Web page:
Why the Role of Manager Might Be a Mistake for You

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The single biggest career tripping point in the work world is the shift from being an individual contributor to becoming responsible for others as a supervisor or manager. There’s nothing about your work as a soloist that prepares you for the very difficult work of managing.

While the role might mean a bump in ego and a jump in pay, it may not be your cup of tea for other reasons. Here are nine reasons why you might just want to run away from that job offer or promotion. As a newly-minted manager, you'll experience some or all of the following:

1) The Need to Acquire a Whole New Skill Set

Noted career coach Marshall Goldsmith, author of several books on improving performance in the workplace, says “What got you here won’t get you there.” You might be an ace designer or crack software coder, but you know nothing about guiding, developing, and getting work done through others.

The knowledge and skills that ensure you are in demand for the big projects are immediately devalued upon your assumption of a managerial role. Reality check: You need to cultivate a whole new set of skills in a hurry to stand a chance at being successful as a manager.

2) Less Work and More Managing

Once you become a manager, the work you love will no longer be your primary focus, because your staff will be doing the actual tasks. Most of us did not pursue a particular vocation or educational focus just to give up the actual work and take on the job of managing others.

While you'll still probably have oversight of said work, you won't get to really get into it anymore like you did as a staffer. If you truly love what you do, think long and hard before shifting to a managerial role.

3) Less Control Over Your Own Success

As a manager, your success or failure is in their hands, not yours. Remember the glory days when everyone applauded your work? Those days are gone. You’re in charge of your team. If they fail, you’ve failed. If they succeed, well, it’s about them, not you.

4) A Requirement to Shift Focus

You may have to make an abrupt shift in focus from yourself to your team. Many first-time supervisors or managers struggle to change their focal point to their team members. You’re accustomed to worrying about your own deadlines and your own performance. In your new role, it’s all about supporting the work of your team members.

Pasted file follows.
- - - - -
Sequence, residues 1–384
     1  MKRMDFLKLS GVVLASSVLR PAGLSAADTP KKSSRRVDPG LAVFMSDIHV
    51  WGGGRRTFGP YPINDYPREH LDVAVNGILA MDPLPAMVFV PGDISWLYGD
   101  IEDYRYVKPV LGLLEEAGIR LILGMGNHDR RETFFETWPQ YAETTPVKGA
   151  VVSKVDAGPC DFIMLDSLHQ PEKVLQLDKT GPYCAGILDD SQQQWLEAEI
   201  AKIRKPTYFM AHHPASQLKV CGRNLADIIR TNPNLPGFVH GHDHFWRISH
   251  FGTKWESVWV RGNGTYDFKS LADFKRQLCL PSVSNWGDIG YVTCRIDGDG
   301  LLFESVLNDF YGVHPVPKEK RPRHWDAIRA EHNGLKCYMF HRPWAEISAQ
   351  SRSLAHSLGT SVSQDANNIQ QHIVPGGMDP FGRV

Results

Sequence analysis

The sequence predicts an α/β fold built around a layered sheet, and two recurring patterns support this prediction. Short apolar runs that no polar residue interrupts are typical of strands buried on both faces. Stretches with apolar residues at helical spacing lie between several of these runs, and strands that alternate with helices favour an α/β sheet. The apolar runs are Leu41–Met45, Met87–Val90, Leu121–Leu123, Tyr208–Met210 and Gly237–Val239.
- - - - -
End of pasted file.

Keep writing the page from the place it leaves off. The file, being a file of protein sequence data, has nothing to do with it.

5) Enduring New Manager Status

No one really wants to work with the rookie manager. Your experienced team members aren’t particularly interested in training another newbie manager. It’s tiring and frankly, most of them expect you to fail.

6) Making Mistakes and Keeping Your Chin Up

You’re going to have a lot of mishaps. Guaranteed! One can predict with uncanny accuracy the major mistakes you will make in your first few years as a manager. Your boss could write them down and post them on the wall in your cubicle, and you will still make these mistakes. There’s no way through the maze of learning to manage and lead without making mistakes. Get used to it, learn how to own them, learn from them, and move on. 

7) Getting Taken Advantage of by Others

You will be played like a Stradivarius. While you probably like to think the best of people, there are always individuals who will take advantage of your rookie enthusiasm and general cluelessness to further their own agendas.

8) A Short Supply of Support

Once you get your promotion, your boss will likely disappear and leave you to sink or swim. While you would love to believe the boss who promoted you will be there to guide and coach you, the experience of many shows that you’ll be mostly on your own. So start swimming.

9) Pressure From All Sides

As a new manager, you’re going to feel pressure from above and below. The life of a manager is about translating the programs, goals, whims, or burning issues of the moment into action through your team members.

In many cases, you’ll be asked to do the seemingly impossible with your insufficient and over-taxed team members. Get used to being squeezed in the vice between the demands of your boss and the capacity and capabilities of your team.

A Big Reason to Consider A Manager Role

After reviewing all of the challenges that come with a management position, you may still feel undaunted. If helping others is part of who you are and what you value, there are few roles that offer more potential to have a positive impact on the people you encounter in your life.

The work is challenging, sometimes thankless, and always pressure-packed. However, at some point, you will look back over your career and marvel at the accomplishments of the individuals you touched for a moment in time.

Books and courses can offer complete instructions on how to manage or lead. These resources can certainly give you context and tools, but the real process of learning to succeed as a manager and evolving leader is often messy and trial-by-fire. Forewarned is forearmed.